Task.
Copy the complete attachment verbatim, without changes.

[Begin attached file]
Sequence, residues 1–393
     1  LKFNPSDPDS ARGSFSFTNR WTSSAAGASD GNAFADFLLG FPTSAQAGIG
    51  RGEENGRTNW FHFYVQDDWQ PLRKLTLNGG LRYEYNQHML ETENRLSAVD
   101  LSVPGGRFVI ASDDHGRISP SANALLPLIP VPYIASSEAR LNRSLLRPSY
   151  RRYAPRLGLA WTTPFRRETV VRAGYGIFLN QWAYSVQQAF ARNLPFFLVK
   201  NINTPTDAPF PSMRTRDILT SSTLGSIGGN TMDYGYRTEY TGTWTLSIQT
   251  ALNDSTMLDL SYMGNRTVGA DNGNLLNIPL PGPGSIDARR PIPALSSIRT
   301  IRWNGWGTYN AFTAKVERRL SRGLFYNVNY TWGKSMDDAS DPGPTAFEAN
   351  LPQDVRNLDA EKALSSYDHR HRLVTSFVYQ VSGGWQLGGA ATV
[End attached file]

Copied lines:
Sequence, residues 1–393
     1  LKFNPSDPDS ARGSFSFTNR WTSSAAGASD GNAFADFLLG FPTSAQAGIG
    51  RGEENGRTNW FHFYVQDDWQ PLRKLTLNGG LRYEYNQHML ETENRLSAVD
   101  LSVPGGRFVI ASDDHGRISP SANALLPLIP VPYIASSEAR LNRSLLRPSY
   151  RRYAPRLGLA WTTPFRRETV VRAGYGIFLN QWAYSVQQAF ARNLPFFLVK
   201  NINTPTDAPF PSMRTRDILT SSTLGSIGGN TMDYGYRTEY TGTWTLSIQT
   251  ALNDSTMLDL SYMGNRTVGA DNGNLLNIPL PGPGSIDARR PIPALSSIRT
   301  IRWNGWGTYN AFTAKVERRL SRGLFYNVNY TWGKSMDDAS DPGPTAFEAN
   351  LPQDVRNLDA EKALSSYDHR HRLVTSFVYQ VSGGWQLGGA ATV